Friday, 27 November 2015
I didn't know making Yong Tau Foo nowadays is so convenient. I am not talking about instant fish pastes. Those are just too generic, not fresh and not flavourful enough. My mom went to the wet market this morning and she brought a little plastic of Spanish mackerel (tenggiri) back. Apparently the seller has fillet and deboned it for her already! All that was needed was to chop it up, add flavours and give those lovely mackerel a good slap (literally speaking la). The process was made even easier with a ready food processor. Just add everything into the machine and let the machine do all the labourous work. Within minutes, what used to be fish chunks turned into into fine flavourful sticky paste.
Tuesday, 24 November 2015
My first attempt at a Christmas surprise cake. Boy, what was I thinking? The number of steps needed was enough to make Santa proud of me. I felt like I was in a Masterchef competition! But all being said, the cake turned out fine and I do believe I would get better and faster with subsequent cakes. And it is also possible to make two of these at one go, thus saving work.
Wednesday, 18 November 2015
Now that we know the recipe for easy shortbread cookies, things are only going to get easier. Using the same recipe, I managed to dish out two different variations with a Christmas theme. This first one was easy. Just invest in some rainbow nonpareils and add it to your shortbread dough and make it into bite-size cookies. The nonpareils add colours and excitement to this cookie. It is colourful, it is festive, it is Christmassy. Surprisingly, it also add a beautiful seedy crunch to the otherwise soft cookies. These nonpareils shortbread bites are children magnet. The kids just adore the colours. Very suitable for parties or gatherings with children.
Christmas Shortbread Cookie Recipes: Nonpareils Shortbread Bites
Makes approx. 48 bites
1 portion shortbread dough (recipe here)
3 tbsp rainbow nonpareils (or red, green and white only)
Mix dough with nonpareils. Pinch a bit of dough to be shaped into little balls. Alternatively, you could also bake like you would a shortbread and then cut it into cubes. Bake at a preheated oven at 160C for 15-20 minutes or until the sides are slightly browned. Remove and cool completely before storing.
Christmas Shortbread Cookie Recipes: Almond SnowballsThese almond snowballs taste like snowballs. It melts...so pleasantly in the mouth. The almond nibs add crunch and additional flavour to these melt-in-your-mouth cookies. I thought these cookies would be too sweet for my palate since they are rolled in so much icing sugar. It was however beautifully balanced off by the additional almond. A sweet cookie it is but in an acceptable way. Perfect for those who has a sweet tooth.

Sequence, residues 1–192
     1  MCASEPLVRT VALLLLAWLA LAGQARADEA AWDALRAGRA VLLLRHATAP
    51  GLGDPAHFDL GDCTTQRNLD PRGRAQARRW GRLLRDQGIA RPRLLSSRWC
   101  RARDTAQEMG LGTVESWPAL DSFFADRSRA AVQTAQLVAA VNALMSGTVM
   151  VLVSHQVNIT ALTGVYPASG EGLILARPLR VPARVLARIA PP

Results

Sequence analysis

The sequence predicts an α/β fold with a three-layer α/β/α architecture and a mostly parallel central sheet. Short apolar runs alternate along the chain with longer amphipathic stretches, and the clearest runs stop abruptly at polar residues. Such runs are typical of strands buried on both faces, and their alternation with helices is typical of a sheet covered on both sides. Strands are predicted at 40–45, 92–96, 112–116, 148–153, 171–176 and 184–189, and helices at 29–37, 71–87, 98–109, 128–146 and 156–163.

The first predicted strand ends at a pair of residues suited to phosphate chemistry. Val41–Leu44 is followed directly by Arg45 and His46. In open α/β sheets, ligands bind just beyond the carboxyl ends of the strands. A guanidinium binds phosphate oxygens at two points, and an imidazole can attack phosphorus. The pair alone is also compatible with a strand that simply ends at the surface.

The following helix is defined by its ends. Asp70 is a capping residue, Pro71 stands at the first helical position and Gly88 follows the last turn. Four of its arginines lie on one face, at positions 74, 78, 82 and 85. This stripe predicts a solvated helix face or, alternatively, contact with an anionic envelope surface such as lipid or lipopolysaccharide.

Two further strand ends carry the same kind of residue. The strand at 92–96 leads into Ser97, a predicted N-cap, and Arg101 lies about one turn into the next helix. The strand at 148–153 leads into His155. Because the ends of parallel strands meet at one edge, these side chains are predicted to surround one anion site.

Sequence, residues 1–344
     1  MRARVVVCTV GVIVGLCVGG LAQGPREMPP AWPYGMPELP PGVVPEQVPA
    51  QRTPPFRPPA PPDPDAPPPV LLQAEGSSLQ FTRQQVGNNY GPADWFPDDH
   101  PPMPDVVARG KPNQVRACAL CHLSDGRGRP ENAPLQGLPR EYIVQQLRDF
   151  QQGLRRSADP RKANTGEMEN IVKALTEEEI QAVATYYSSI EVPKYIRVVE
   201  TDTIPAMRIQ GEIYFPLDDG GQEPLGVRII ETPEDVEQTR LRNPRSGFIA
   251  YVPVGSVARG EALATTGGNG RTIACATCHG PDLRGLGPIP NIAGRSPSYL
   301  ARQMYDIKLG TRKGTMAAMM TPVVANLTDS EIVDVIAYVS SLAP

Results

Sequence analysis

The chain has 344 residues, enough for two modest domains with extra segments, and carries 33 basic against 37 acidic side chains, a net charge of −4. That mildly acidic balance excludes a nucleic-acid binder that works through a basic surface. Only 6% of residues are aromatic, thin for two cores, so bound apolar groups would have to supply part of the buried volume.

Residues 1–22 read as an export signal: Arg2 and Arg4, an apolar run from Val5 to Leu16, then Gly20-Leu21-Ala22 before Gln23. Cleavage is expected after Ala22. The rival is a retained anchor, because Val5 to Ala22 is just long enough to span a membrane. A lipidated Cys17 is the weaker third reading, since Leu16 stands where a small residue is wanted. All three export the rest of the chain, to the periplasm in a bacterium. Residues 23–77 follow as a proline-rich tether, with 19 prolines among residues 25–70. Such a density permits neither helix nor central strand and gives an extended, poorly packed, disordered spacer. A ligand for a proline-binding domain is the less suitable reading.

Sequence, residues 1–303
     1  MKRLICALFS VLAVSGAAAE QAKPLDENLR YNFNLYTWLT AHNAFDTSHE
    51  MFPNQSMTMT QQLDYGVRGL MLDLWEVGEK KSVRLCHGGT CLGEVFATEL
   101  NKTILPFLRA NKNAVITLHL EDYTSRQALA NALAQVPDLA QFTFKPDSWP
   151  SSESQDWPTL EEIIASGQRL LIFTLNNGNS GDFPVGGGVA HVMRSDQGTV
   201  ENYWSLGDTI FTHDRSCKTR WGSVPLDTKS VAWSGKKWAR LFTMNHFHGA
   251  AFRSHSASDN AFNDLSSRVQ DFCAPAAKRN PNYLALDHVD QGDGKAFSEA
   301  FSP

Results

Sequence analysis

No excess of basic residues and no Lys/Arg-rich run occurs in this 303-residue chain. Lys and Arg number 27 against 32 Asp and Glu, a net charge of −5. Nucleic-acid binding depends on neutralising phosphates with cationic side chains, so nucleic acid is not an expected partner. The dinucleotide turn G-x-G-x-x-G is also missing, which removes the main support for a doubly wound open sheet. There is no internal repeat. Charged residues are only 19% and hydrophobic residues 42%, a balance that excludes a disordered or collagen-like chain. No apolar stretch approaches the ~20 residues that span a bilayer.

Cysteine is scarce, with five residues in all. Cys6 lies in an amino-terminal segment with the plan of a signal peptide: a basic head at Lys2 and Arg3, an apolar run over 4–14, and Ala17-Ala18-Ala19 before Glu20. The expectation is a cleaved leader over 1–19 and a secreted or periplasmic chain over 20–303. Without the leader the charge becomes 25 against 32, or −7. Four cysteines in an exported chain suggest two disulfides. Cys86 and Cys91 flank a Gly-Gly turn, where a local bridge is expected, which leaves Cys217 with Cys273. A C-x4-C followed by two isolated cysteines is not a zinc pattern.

Makes approx. 50 balls
1 portion shortbread dough (recipe here)
60 g almond flakes/nibs, toasted
3/4 cup of icing sugar
Mix almond flakes into shortbread dough. Pinch a little dough and form into a little ball. Repeat until all are done. Bake at a preheated oven at 160C for 15-20 minutes or until the sides are slightly browned. Remove to cool. Roll balls in icing sugar while still slightly warm. Roll again when serving or when completely cool.
Monday, 16 November 2015
It is that time of the year again. Christmas and New Year is just approximately one and a half months away. Time flies and it flies pretty quickly, doesn't it? If you are making your own edible gifts, you ought to get busy already. Today we will kick off the festive season with an easy bake - Easy Shortbread Cookies. This traditional Scottish cookie is so simple to make yet the taste is utterly delish. I would strongly suggest shortbread cookies if you want an easy to make recipe but at the same time, adding a personal touch to your gift.
Traditionally, this cookie follows the 1 to 2 to 3 ratio, that is, one part of sugar to two parts of butter to three parts of flour. Because of its simplicity, you would get the original taste of its buttery salty sweetness. For a little bit of variation, you could replace 1/5 part of the flour with rice flour or cornstarch to give it a different texture. Besides that, you could also alternate between icing sugar or castor sugar. When you have such basic ingredients, it is essential that you get good quality ingredients so that the flavours come out authentic and strong. Yes, invest in a good (and expensive!) butter and try your best to get your hands on that pure vanilla extract if you could. You wouldn't regret the effort.